Curry Chandler

Curry Chandler is a writer, researcher, and independent scholar working in the field of communication and media studies. His writing on media theory and policy has been published in the popular press as well as academic journals. Curry approaches the study of communication from a distinctly critical perspective, and with a commitment to addressing inequality in power relations. The scope of his research activity includes media ecology, political economy, and the critique of ideology.

Curry is a graduate student in the Communication Department at the University of Pittsburgh, having previously earned degrees from Pepperdine University and the University of Central Florida.

Mind-controlled exoskeleton opens World Cup; AI will crash the stock market; Cortana's personality

The exoskeleton -- a system comprising a helmet implanted with a microchip that sticks out from the underside; a T-shirt loaded with sensors; metal leg braces; and a battery worn in a backpack -- is set in motion when the user envisions himself making the kick. The chip translates those electronic commands to a digital language that powers the skeleton, which then moves accordingly. The T-shirt vibrates to enhance the user's sensation of movement (and eliminate the need to look at his feet to see if he's stepping forward).

Talk about dropping the ball. Earlier today, Juliano Pinto — a 29 year-old paraplegic — successfully kicked off the 2014 FIFA World Cup by using a mind-controlled exoskeleton. But sadly, most TV networks failed to show it.

After months of hype, the official broadcast of the opening ceremonies showed only a fraction of it, while some TV networks missed the event altogether. Commentators criticized the organizers for casting aside the moment in favor of performing acts. 

The invasion of high-frequency trading machines is now forcing capitalism far away from anything either Adam Smith or the founders of the NYSE could possibly find virtuous. 

We’re not about to let robots compete in the Olympics, driverless cars race in the Indianapolis 500, or automated machines play sports like football, basketball, or baseball. So why is it we allow them to play a role in the most valuable contest of all, the world wide stock exchange?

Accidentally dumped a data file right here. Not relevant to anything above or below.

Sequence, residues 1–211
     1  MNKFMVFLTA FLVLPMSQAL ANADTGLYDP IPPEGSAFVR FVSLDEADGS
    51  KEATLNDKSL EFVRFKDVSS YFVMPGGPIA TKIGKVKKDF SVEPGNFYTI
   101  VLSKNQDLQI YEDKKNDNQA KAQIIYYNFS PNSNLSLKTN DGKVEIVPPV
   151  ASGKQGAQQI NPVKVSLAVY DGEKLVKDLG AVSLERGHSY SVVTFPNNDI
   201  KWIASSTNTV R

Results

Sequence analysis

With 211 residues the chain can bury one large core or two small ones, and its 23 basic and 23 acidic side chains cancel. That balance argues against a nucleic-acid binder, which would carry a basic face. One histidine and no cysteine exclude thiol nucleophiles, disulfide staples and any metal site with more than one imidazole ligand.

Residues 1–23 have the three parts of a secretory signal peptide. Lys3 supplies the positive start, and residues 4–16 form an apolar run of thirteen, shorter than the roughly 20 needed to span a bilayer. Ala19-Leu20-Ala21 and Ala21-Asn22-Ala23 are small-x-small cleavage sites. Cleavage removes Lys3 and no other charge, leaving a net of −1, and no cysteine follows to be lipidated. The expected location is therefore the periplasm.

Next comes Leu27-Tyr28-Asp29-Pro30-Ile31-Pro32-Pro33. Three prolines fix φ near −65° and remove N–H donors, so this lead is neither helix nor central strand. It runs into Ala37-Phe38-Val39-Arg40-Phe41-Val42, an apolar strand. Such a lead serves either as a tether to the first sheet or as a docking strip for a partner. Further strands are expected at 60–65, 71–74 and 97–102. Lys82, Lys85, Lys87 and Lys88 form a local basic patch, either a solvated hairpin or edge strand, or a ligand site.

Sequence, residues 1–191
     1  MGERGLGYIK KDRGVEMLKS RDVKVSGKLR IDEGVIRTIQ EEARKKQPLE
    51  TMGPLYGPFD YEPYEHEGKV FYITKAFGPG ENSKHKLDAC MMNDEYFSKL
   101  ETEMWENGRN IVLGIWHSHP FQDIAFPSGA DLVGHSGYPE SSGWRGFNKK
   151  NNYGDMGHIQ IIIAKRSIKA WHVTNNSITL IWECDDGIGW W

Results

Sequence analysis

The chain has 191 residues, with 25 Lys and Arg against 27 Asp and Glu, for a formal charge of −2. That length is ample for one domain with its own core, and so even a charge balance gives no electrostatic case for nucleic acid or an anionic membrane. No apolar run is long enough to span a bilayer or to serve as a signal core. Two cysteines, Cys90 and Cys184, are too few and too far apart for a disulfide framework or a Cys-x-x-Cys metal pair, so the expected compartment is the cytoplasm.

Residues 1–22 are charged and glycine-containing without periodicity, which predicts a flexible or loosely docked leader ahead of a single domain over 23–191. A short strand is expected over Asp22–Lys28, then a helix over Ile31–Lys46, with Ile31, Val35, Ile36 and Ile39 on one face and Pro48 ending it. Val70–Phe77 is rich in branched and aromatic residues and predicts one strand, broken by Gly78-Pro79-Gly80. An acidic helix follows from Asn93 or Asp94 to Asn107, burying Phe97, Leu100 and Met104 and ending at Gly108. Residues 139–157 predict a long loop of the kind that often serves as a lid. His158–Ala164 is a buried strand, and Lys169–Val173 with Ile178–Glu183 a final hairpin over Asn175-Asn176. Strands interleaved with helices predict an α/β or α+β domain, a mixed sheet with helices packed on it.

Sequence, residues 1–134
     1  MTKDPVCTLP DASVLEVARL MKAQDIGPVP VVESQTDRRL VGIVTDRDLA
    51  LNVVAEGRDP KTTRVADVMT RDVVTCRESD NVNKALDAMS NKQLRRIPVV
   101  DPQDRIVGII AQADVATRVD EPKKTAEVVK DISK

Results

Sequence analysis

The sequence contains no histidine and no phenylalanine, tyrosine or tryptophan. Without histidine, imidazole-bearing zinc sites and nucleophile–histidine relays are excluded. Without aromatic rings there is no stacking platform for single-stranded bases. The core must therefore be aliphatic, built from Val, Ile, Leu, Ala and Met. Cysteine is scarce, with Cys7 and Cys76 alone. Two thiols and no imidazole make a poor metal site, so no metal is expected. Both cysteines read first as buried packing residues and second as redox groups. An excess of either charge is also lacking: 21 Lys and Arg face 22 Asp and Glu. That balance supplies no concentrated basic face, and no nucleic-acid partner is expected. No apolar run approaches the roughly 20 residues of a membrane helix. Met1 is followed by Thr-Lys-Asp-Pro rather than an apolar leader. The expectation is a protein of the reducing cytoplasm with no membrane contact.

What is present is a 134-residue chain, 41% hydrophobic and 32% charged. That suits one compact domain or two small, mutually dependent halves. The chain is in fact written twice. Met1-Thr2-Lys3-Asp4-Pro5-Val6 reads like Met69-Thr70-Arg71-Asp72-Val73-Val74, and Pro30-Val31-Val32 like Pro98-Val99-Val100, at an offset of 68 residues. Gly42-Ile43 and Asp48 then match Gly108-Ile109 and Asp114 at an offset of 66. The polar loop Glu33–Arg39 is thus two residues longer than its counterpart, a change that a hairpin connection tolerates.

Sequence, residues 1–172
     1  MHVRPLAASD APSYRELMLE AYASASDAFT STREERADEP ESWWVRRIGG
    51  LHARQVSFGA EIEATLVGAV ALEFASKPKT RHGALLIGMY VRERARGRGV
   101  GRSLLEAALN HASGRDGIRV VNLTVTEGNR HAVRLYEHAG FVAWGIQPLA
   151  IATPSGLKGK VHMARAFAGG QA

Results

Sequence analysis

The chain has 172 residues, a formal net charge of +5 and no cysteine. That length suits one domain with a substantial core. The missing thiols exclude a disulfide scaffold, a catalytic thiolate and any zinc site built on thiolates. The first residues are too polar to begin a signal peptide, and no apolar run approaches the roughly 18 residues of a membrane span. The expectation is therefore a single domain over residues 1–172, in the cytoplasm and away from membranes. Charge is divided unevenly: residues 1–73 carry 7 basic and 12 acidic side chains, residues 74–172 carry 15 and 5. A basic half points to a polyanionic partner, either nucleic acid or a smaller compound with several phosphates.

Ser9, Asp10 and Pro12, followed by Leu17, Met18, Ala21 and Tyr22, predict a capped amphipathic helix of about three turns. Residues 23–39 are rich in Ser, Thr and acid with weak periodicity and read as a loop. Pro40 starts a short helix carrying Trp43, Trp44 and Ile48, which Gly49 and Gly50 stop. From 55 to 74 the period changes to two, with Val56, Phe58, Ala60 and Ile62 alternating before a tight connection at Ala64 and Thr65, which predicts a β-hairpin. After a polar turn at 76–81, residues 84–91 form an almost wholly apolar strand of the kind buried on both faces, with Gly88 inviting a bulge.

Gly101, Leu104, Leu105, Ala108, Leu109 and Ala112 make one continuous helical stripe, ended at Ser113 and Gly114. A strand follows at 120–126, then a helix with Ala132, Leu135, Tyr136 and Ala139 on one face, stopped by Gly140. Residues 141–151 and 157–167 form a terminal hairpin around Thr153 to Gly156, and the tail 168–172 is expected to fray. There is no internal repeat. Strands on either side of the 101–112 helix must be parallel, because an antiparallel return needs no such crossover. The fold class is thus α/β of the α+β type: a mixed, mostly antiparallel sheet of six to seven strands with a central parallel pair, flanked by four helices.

With crude forms of AI now entering the quant manipulator’s toolbox, we are now teetering dangerously close to a total collapse of the stock market, one that will leave many corporations and individuals financially destitute.

  • Microsoft has announced their version of apple's Siri virtual assistant. coming to Windows smartphones: Named Cortana, after the AI character from the Halo video game series, she is coming to Windows smartphones, and as Brad Molen at engadget reports, developers programmed her with a distinct personality:

Confident, caring, competent, loyal; helpful, but not bossy: These are just some of the words Susan Hendrich, the project manager in charge of overseeing Cortana's personality, used to describe the program's most significant character traits. "She's eager to learn and can be downright funny, peppering her answers with banter or a comeback," Hendrich said. "She seeks familiarity, but her job is to be a personal assistant." With that kind of list, it sure sounds like Hendrich's describing a human. Which is precisely what she and her team set out to do during Cortana's development; create an AI with human-like qualities.

Microsoft's decision to infuse Cortana with a personality stemmed from one end goal: user attachment. "We did some research and found that people are more likely to interact with [AI] when it feels more human," said Hendrich. To illustrate that desired human-machine dynamic, Hendrich pointed to her grandmother's experience with a Roomba vacuum: "She gave a name and a personality to an inanimate object, and it brought her joy." That sense of familiarity is exactly what Microsoft wants Window Phone users to feel when interacting with Cortana on their own devices.